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Brain Health

What You Need to Know to Stay Healthy

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The possibility of losing cognitive abilities as you age can be scary. So scary, in fact, that you might find yourself popping the latest supplement or playing the newest game designed to “improve your cognitive function.”

But there’s more to your brain health than whether you take fish oil capsules or complete puzzles. We’ll take an in-depth look at brain health, including signs of cognitive impairment, nutrition’s role in brain health, surprising things that affect brain health and much more.

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Brain Health: What’s Normal, What’s Not

Previously, scientists thought you reached your mental peak in your 20s, in middle age your cognitive abilities plateaued and then as you age, your cognitive abilities gradually declined.

Thanks to research, we know that’s not true. Your brain is constantly changing throughout your life, and as you age, some abilities decline while others improve.

Normal vs. Abnormal Brain Changes

Normal

Sometimes forgetting names or appointment times but remembering them later.
Making occasional errors when balancing a checkbook or doing a puzzle.
Needing occasional help with the settings on a technological device.
Confusion about the day of the week but remembering it later.
Vision changes related to cataracts or nearsighted/farsightedness.
Sometimes struggling to find the right words.
Occasionally not wanting to go to work or social engagements.
Developing a routine for doing things and becoming irritable when that routine is disrupted.

Abnormal

Memory loss that disrupts daily life.
Difficulties problem solving or planning.
Difficulty completing familiar tasks.
Confusion about time and place.
Difficulty understanding visual images or spatial relationships.
New problems speaking or writing
Withdrawing from work or social activities.
Personality or mood changes.

Signs of Cognitive Impairment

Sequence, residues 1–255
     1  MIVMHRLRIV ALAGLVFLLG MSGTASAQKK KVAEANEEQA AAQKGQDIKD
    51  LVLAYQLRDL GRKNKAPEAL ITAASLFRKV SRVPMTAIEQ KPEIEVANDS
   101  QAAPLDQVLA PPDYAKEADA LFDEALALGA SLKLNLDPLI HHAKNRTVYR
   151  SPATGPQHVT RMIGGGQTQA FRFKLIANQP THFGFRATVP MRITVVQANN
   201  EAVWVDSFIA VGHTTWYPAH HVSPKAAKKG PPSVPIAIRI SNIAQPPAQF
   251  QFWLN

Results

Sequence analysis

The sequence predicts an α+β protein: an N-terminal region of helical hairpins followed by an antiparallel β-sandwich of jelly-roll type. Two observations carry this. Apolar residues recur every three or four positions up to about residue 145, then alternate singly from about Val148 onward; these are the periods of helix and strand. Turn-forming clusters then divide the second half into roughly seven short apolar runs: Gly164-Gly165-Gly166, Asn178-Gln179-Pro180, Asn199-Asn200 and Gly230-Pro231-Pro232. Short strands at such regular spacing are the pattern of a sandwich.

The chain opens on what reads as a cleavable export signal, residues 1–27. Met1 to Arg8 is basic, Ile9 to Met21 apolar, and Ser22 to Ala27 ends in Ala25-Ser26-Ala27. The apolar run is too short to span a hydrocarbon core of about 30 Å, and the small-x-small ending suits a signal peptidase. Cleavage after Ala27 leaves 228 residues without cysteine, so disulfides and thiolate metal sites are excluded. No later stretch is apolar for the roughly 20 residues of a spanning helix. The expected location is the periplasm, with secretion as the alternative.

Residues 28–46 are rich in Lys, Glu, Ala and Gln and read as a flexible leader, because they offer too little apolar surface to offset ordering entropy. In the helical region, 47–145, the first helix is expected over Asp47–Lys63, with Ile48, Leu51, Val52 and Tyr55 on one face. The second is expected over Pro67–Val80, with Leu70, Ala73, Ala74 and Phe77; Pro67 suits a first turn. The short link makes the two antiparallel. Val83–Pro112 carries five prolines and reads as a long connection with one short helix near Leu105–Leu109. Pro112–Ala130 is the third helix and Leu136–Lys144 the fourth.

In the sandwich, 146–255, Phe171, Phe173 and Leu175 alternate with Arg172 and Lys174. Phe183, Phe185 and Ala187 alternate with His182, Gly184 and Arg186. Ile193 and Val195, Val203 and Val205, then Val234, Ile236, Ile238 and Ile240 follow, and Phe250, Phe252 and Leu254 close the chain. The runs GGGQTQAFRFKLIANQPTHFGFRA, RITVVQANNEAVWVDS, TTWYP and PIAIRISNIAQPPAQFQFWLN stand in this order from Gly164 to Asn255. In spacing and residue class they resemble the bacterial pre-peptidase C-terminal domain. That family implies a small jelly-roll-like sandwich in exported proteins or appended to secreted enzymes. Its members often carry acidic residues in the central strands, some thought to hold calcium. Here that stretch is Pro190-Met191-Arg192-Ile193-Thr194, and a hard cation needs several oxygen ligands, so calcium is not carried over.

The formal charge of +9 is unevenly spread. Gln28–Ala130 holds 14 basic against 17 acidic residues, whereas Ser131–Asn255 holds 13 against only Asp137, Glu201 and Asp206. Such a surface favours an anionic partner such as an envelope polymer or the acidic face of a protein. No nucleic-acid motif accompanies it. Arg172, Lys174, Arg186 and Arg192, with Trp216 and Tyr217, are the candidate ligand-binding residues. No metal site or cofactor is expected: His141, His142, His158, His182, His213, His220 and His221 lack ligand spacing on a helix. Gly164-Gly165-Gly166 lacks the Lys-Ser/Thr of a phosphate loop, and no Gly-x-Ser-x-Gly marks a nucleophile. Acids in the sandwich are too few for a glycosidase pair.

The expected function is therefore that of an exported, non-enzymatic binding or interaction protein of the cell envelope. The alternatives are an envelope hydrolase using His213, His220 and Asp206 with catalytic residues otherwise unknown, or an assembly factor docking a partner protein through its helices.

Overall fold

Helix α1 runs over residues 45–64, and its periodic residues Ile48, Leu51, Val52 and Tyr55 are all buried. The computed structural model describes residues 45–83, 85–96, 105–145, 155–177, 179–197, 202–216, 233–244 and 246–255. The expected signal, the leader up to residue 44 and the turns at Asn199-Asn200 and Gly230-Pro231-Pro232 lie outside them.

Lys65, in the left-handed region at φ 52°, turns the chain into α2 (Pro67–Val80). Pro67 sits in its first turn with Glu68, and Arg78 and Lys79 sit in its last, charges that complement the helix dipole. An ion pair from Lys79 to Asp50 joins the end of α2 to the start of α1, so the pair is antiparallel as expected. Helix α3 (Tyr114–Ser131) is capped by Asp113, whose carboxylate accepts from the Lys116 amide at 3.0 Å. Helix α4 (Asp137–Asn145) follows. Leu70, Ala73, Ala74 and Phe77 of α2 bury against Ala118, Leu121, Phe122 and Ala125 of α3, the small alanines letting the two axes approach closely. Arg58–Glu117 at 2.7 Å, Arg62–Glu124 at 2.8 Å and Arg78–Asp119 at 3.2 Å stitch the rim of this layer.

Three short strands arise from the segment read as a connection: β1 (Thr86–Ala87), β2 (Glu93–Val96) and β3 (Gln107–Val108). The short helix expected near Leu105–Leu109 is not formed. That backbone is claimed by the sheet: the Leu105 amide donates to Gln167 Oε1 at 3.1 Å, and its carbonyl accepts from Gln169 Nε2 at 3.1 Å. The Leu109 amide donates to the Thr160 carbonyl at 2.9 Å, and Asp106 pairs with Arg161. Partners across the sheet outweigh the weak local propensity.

Mild cognitive impairment is a slight but noticeable decline in memory and thinking skills and other areas of cognitive function. It’s important to note that while these changes are noticeable, they’re not significant enough to impact daily function or independence.

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Common Brain Health Myths

Myth #1: Alzheimer’s Disease Skips a Generation

While there is a genetic component to Alzheimer’s, there is no proof the disease skips a generation.

Myth #2: Supplements Can Protect Your Brain Health

Doctors at Harvard Health say there’s little if any evidence to support claims that vitamins and supplements do anything to protect or improve brain health.

Myth #3: Brain Health is Just Your Memory

Your cognitive health encompasses a variety of functions like decision-making, attention and problem-solving abilities. It also includes how well you can make and control movements, how you interpret and respond to emotions and how you feel and respond to sensations like touch or pressure.

Myth #4: Puzzles and Games Boost Your Brain Health

Doing a repetitive task like a puzzle or game doesn’t boost your brain health, but learning something new like a language or skill does. And those brain-training games that tout the ability to improve your cognitive ability? For the most part, playing those games can make you better at the game itself, but they have not shown any benefit to improved brain health, according to The New York Times.

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Surprising Things that Impact Your Risk of Cognitive Decline

Lowers Your Risk

Being Married
Sleeping on Your Side
Good Oral Health

Raises your risk

High Blood Pressure in Midlife
Artificial Sweeteners
Drugs like Benadryl or Tylenol